VA Offers Care For Military Sexual Trauma, But Veterans Often Wait Years to Seek It
Sexual trauma can be especially damaging for members of the military, where the perpetrator may be a commander and have access to weapons.
The Department of Defense estimates 14,900 service members experienced some kind of sexual assault in 2016, its most recent report. But because of the stigma, many wait decades before they get help.
So it's no surprise that the average age is 45 for women and 50 for men for veterans entering the Bay Pines VA Center for Sexual Trauma Services in St. Petersburg, Fla.
The delay seeking treatment is often due to the increased level of anxiety that accompanies sexual assault cases in the military, said Jessica Keith, a clinical psychologist and manager of the Bay Pines center.
"Often the perpetrators are someone in the command line, someone who has more power, and power not only to ruin someone's career," Keith said. "We also have to remember these are people with weapons who are trained to use them."
And there's added pressure on young recruits because reporting a sexual assault or continued sexual harassment of a fellow service member could be considered a betrayal.
"If they're in your unit, you're told that these are your brothers and sisters, this is your family, that they're supposed to have your back," said Keith. "So, what does it mean when somebody is supposed to have your back is the same person who sexually assaults you? It really increases the severity of the trauma on that person."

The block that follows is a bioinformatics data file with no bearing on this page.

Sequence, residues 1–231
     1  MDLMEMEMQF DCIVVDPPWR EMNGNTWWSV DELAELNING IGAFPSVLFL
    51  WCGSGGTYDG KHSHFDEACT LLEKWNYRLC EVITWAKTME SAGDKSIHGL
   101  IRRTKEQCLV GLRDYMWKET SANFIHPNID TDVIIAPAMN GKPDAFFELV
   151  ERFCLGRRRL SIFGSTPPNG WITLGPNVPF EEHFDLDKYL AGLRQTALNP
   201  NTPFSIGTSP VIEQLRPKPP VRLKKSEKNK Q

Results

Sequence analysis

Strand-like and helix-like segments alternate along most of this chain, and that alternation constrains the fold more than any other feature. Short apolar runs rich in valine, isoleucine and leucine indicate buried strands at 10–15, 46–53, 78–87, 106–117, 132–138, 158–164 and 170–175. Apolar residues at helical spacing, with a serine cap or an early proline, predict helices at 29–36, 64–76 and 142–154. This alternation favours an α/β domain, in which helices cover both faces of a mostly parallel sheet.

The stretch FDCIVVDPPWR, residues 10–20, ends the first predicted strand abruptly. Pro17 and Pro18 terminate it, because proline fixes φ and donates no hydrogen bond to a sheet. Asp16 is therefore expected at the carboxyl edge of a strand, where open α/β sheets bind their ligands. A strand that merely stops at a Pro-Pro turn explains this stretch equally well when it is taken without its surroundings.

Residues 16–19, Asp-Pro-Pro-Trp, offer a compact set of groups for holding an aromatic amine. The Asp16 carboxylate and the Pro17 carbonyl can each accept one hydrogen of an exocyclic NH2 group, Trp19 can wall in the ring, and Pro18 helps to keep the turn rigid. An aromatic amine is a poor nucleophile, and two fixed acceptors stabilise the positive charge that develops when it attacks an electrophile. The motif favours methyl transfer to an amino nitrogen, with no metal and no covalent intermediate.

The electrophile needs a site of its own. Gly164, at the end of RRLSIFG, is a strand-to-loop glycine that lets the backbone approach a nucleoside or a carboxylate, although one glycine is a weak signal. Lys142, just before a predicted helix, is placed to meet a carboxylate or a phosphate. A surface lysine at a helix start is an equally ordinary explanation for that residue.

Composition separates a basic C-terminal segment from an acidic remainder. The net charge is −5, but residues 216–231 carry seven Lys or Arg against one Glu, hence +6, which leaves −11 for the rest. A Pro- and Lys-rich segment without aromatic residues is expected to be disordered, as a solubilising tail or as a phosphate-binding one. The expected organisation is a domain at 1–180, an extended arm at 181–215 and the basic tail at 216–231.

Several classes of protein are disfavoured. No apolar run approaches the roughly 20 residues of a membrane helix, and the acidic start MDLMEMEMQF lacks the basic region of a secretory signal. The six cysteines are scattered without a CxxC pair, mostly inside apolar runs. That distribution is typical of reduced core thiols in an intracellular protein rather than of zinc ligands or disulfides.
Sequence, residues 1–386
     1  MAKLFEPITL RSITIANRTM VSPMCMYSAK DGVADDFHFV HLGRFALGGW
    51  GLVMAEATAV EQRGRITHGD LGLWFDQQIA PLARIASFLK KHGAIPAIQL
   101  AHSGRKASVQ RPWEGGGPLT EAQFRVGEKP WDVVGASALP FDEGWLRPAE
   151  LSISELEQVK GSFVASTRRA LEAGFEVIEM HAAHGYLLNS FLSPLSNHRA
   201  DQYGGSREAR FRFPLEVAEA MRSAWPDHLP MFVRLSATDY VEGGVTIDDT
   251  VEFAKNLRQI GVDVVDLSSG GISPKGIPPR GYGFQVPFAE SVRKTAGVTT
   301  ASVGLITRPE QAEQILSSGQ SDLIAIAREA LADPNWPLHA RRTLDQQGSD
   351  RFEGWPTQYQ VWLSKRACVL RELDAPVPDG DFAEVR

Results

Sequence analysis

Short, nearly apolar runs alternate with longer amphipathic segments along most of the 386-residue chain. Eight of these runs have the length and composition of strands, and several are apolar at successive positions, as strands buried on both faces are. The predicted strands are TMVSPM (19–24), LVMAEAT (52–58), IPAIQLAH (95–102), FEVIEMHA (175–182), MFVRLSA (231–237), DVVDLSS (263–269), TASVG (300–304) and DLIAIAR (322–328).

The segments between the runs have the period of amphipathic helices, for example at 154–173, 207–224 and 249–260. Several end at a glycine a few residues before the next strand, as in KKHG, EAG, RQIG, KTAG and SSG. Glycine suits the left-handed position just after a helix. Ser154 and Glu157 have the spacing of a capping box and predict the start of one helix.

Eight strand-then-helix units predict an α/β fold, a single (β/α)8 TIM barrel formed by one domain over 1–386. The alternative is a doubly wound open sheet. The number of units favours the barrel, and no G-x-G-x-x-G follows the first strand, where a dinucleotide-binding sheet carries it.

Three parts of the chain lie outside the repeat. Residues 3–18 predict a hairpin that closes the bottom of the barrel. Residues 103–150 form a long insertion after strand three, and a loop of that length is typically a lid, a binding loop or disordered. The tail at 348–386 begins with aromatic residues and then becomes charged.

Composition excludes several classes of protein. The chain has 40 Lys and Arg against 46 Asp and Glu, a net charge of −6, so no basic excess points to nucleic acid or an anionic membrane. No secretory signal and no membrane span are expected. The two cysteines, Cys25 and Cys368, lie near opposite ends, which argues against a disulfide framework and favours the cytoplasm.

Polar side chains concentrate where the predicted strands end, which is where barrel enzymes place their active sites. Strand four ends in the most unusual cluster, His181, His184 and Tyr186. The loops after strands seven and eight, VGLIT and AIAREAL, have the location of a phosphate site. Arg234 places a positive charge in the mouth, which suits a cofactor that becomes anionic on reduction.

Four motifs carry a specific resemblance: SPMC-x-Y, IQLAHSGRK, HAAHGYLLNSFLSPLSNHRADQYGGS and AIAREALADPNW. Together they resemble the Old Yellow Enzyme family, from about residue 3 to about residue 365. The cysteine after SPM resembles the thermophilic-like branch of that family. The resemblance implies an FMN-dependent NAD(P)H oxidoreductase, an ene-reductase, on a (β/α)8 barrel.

The Bay Pines program for military sexual trauma survivors takes on those severe cases.
Survivor Jacque Thorington, 53, is an Army veteran who said she felt betrayed and ashamed when a military superior assaulted her decades ago. She covered up her symptoms using alcohol and prescription drugs.
When she finally went to the VA for help, the outpatient treatment wasn't frequent enough, and it required a five hour, roundtrip commute from her home in New Mexico.
"I needed specialized care. And I knew that things were really going wrong," said Thorington, who entered the Bay Pines residential program in January. "I was very depressed. I was suicidal. I couldn't function at work anymore. I really thought that my world was done, that I was going to kill myself."
In the intense Bay Pines program, she meets with a therapist twice a week for prolonged exposure therapy, where she retells the story of her assault over and over until the strong fear associated with the memory decreases.
Seven days a week, she's in a group session with the other 15 women and men in the program. They often go on field trips to be exposed to "real life" situations like a crowded mall. That's helping Thorington, who said she hadn't left her bedroom for months prior to arriving at Bay Pines.
After just a few weeks, Thorington said she's noted a big difference and is looking forward to enjoying the rest of her life "and not be looking over my shoulder anymore."